Rome is an open-air museum with beauty and history on every corner. Sometimes, though, what’s on the inside proves equally fascinating. Head indoors to celebrate the city’s inimitable culture. Here’s the lowdown on three not-to-miss exhibitions:
Celebrating the 2,000th anniversary of the death of Rome’s greatest emperor, Augustus, the Scuderie del Quirinale has put on an exhibition to examine his life, his more than 40-year reign and the birth of the Roman Empire. On display are more than 200 statues, sculptural groupings and bas-reliefs that were borrowed from the world’s most important museums. From The British Museum’s tiny and beautiful The Blacas Cameo to the Vatican Museums’ impressive Augustus of Prima Porta, every depiction of the famous figure is outstanding. The exhibition also includes family portraiture, inscriptions and other Augustus-related art. On display until February 9.
Held in the National Roman Museum’s Palazzo Massimo, this exhibit chronicles the visual evolution of mythical beasts such as the Minotaur, the Griffin, the Hydra of Lerna and the Sphinx, as they appeared in ancient art from the Orient to the West. Set in front of a black backdrop, “Monsters” has an air of mystery, which fittingly accompanies more than 100 pieces in the form of grotesque sculptures, terra cottas, vessels and paintings depicting every kind of mythological beast imaginable. Plus, animations of scenes between the monsters and heroes will be screened in the inner courtyard, too. On display until June 1.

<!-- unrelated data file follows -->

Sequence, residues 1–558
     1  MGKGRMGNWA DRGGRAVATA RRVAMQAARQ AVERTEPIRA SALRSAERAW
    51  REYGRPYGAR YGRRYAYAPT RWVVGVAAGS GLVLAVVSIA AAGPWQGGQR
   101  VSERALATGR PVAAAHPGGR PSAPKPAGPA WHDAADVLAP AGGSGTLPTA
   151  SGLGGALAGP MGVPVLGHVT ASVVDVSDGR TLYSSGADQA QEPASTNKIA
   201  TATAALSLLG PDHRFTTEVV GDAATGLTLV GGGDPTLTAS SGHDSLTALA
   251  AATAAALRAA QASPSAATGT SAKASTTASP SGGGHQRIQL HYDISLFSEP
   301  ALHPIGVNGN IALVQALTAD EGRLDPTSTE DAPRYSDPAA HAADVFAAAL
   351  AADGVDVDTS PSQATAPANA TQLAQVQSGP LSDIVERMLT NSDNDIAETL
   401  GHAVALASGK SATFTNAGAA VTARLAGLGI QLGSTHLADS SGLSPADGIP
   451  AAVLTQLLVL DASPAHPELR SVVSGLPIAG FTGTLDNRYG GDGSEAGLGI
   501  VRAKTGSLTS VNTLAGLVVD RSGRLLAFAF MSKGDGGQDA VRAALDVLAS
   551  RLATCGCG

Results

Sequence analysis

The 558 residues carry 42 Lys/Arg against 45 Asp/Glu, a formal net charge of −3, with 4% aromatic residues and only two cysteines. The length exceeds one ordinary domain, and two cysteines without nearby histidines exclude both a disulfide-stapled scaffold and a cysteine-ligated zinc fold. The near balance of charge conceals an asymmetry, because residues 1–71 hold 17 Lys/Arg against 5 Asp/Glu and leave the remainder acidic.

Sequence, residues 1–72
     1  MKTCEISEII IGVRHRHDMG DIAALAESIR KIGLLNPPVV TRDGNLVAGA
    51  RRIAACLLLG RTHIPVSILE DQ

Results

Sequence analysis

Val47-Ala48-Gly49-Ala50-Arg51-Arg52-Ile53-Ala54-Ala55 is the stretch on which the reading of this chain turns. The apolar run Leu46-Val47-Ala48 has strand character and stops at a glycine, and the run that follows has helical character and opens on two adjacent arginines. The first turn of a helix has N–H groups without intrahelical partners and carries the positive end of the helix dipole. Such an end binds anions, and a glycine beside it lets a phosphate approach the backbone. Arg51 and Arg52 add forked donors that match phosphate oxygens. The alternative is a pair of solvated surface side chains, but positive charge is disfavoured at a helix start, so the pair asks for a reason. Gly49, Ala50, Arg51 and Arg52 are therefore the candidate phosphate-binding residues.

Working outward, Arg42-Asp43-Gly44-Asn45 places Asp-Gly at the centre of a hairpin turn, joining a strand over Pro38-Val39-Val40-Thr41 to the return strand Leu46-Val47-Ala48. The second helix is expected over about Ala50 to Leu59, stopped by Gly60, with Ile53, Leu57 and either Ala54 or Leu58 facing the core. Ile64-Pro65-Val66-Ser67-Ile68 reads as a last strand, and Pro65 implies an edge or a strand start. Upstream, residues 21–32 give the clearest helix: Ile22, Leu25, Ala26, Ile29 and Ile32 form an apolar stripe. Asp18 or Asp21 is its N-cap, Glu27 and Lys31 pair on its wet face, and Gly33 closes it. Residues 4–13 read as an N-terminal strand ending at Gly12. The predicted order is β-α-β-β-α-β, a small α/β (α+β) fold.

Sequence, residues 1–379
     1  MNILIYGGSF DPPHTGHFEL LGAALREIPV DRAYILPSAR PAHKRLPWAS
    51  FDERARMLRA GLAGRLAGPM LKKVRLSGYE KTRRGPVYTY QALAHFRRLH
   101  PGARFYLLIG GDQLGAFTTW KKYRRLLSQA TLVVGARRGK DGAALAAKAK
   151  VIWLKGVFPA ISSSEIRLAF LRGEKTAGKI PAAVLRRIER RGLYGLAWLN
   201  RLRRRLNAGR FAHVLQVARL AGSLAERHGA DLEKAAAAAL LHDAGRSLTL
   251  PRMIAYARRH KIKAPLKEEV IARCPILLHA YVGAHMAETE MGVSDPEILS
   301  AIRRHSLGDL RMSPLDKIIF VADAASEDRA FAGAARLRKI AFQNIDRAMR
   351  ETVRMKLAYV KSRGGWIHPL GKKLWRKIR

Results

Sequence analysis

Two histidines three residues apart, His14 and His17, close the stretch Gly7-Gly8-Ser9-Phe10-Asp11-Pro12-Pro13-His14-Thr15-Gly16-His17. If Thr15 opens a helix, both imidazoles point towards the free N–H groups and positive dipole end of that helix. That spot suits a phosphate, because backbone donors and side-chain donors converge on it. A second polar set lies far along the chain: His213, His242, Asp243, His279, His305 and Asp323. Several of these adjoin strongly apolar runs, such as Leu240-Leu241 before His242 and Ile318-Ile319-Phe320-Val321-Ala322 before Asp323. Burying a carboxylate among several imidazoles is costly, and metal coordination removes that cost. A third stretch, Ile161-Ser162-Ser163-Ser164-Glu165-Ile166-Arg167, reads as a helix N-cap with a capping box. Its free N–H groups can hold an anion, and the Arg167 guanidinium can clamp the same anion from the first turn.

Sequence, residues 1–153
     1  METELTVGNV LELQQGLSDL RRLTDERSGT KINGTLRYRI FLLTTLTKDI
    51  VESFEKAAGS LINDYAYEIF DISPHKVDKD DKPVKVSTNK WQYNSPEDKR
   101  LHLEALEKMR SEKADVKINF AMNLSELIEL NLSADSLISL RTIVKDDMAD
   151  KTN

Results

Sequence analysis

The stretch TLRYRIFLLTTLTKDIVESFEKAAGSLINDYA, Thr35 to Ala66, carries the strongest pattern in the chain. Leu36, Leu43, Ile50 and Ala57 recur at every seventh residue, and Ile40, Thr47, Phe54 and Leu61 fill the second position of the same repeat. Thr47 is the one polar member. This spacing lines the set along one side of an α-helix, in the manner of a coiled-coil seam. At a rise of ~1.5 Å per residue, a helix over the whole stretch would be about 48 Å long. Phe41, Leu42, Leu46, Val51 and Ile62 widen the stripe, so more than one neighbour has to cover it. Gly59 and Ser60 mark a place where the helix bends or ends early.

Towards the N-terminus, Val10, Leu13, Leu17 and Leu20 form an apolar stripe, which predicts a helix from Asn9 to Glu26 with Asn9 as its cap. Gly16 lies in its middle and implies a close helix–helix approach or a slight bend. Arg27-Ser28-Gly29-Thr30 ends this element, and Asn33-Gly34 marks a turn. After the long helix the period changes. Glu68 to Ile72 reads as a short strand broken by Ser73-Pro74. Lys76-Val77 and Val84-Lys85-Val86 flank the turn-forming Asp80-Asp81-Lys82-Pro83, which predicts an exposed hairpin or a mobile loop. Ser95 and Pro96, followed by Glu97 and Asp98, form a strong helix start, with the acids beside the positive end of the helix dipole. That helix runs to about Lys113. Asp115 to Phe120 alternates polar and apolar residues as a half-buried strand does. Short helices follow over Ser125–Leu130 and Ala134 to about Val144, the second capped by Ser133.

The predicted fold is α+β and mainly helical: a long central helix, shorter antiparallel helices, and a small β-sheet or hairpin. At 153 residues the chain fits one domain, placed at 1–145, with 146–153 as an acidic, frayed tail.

Get a glimpse at what the thriving 1970s art scene was like in Rome at this exhibit, which spotlights 200 works representing genres such as Arte Povera and Transavanguardia. The all-star lineup includes mid- to late-20th-century artists who worked and played in the city during this era. Look for pieces by Carla Accardi, Francesco Clemente, Joseph Kosuth, Sol LeWitt, Marisa Merz, Giuseppe Penone, Cy Twombly and Francesca Woodman. Tip: Once you’ve had your cultural fill, grab a late lunch at Open Colonna, Antonio Colonna’s airy restaurant in the Palazzo’s back terrace. On display until March 2.
Photo Courtesy of Palazzodelle Esposizioni